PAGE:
Chief Veterinary Officer
William Rees was one of the most powerful men in MAFF and from the earliest days of the BSE scandal, he deliberately held back information which could have been damaging to the meat trade. On June 1st 1987 he sent a document to Donald Thompson, MAFF’s Parliamentary Secretary, about BSE. He said “irresponsible or ill-informed publicity is likely to be unhelpful since it might lead to hysterical demands for immediate, draconian government measures and could lead to a rejection of UK exports“.
The severity of his tone highlights how seriously he took the threat of BSE, as Chief Vet he would have known the implication to human health, but trade and confidence in the meat industry was his main and only concern. He continued “It does not seem appropriate at this stage for MAFF to issue general information. The political implications are serious, particularly if not handled – correctly.”
Economics, as always, was the driving force behind any Ministerial or Government decision. The farming industry needed to be protected at all costs. Forums for exchange of information and advice – such as the Government Vets magazine ‘Vision’ – were refused permission to print any article about BSE. By October 1987 farming newspapers had published articles about an “incurable disease wiping -out dairy cows.” The disease was not identifiable so there was no control over the movement of animals from infected herds and diseased carcasses were constantly entering the food chain. When I interviewed David Bee , the vet who recorded the first cow with BSE , he told me “I have never seen anything like it so thin, staggering obviously very ill. Talking to other vets I knew it wasn’t an isolated incident. It was happening all over the country . One of my colleagues had to take a gun and shoot a mother who had just calved as she was so violent and aggressive.”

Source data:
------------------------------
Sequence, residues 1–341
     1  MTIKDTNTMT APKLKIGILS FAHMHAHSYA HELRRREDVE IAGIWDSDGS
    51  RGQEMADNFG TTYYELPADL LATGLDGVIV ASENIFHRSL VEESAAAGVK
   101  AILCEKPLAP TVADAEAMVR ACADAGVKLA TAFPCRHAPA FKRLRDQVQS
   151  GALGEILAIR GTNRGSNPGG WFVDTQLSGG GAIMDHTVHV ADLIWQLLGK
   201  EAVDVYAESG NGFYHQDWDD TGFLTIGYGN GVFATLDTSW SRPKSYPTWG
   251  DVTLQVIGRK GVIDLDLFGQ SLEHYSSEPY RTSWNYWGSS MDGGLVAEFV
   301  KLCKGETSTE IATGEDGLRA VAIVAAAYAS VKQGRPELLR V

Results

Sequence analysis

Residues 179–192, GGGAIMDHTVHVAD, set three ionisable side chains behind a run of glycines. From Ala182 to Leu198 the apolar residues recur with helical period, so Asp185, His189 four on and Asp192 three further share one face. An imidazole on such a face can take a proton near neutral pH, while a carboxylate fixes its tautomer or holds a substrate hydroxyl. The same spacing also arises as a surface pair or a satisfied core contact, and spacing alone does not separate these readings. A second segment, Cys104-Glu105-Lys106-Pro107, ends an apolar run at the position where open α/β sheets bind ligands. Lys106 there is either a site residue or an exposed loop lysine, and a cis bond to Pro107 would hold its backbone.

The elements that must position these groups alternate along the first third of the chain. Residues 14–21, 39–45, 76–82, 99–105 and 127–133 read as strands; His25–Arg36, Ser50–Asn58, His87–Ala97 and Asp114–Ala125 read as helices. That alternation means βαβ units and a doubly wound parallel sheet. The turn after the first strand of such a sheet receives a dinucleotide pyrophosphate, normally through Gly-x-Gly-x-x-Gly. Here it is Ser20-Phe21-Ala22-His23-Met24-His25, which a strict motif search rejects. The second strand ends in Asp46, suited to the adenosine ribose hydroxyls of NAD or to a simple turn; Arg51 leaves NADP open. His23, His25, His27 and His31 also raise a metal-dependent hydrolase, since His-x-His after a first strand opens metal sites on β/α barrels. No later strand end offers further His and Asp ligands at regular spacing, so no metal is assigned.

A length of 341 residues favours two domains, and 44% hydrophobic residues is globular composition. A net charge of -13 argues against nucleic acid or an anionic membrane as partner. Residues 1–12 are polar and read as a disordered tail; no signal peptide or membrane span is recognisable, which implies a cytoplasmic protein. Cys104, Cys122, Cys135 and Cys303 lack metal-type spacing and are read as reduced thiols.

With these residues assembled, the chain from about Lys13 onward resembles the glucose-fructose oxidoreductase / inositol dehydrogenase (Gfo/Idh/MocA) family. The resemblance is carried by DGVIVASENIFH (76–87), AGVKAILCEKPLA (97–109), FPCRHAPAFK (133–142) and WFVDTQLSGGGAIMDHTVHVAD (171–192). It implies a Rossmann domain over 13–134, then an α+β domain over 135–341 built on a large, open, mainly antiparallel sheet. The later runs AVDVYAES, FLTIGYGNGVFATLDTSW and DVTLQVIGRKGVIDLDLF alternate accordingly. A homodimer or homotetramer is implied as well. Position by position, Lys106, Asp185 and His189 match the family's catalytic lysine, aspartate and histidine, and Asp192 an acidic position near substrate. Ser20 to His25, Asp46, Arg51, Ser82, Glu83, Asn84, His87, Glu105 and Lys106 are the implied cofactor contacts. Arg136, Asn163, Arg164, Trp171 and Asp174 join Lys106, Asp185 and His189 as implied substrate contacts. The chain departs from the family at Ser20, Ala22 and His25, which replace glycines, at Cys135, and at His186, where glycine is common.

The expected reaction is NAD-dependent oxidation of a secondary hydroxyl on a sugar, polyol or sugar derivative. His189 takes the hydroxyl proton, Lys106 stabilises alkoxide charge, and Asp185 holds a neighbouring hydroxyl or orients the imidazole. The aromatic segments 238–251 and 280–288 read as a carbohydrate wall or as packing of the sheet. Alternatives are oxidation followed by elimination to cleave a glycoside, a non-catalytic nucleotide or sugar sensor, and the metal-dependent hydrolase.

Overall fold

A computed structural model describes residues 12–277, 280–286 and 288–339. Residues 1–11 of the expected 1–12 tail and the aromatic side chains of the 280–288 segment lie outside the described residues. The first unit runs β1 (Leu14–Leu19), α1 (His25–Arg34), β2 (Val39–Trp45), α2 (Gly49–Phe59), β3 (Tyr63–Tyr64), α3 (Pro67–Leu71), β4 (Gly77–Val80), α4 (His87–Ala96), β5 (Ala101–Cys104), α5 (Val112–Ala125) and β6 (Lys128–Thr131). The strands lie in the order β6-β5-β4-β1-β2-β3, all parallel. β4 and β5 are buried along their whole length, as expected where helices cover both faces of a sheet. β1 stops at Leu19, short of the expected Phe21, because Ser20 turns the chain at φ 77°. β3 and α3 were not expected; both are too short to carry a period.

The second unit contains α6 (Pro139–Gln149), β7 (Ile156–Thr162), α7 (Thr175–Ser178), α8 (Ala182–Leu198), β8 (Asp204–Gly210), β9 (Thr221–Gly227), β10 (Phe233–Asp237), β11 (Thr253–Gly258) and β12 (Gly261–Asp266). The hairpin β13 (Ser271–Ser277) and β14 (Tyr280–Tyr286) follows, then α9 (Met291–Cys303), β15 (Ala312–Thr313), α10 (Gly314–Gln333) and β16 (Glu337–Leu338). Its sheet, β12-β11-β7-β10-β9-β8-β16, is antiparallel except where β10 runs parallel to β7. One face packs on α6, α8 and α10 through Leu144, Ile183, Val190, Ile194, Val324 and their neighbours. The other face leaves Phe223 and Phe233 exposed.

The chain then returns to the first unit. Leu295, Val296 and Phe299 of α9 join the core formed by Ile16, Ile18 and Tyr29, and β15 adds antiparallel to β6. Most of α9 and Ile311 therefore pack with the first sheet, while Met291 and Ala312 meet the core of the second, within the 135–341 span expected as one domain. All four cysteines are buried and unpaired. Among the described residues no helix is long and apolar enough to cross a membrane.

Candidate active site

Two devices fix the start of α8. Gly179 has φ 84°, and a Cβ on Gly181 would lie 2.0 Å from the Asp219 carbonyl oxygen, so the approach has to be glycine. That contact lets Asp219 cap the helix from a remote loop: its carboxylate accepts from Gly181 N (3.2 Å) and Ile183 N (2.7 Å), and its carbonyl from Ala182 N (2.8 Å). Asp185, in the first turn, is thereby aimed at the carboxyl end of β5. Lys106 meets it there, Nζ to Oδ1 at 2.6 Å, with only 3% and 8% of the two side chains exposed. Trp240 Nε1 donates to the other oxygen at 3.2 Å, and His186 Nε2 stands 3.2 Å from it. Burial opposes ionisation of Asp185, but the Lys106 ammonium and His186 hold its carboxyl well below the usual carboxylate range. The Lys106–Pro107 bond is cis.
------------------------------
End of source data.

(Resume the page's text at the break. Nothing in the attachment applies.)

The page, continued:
William Rees knew of the terrible toll that BSE was wrecking on dairy cows lives. He had the latest information at his fingertips which he shared at all levels, yet still sought to keep important information from the public and from experts in Spongiform disease. One of the most important duties of the Chief Vet is to ensure that appropriate control or precautions are in place to protect the public’s health, but during Rees’ term BSE spread throughout the UK.
The German Social Scientist Kirsten Dressell published a paper on the secrecy and lies behind the BSE scandal. She states “Key policy decisions were at the highest level by a small group which included the Prime Minister, Chief Medical Officer and the Chief Veterinary Officer. Policy appeared to be driven by the civil servants of MAFF.”Andrew with baby sister Emma
When BSE began to hit the headlines, Whitehall’s machinery started to churn out unfounded scientific assurances, which Rees backed. By the end of his term in office 2,185 cases of BSE in cattle were confirmed in the UK (Hansard) but thousands more sub-clinical cattle, those which were infected but still symptom free, had entered the food chain.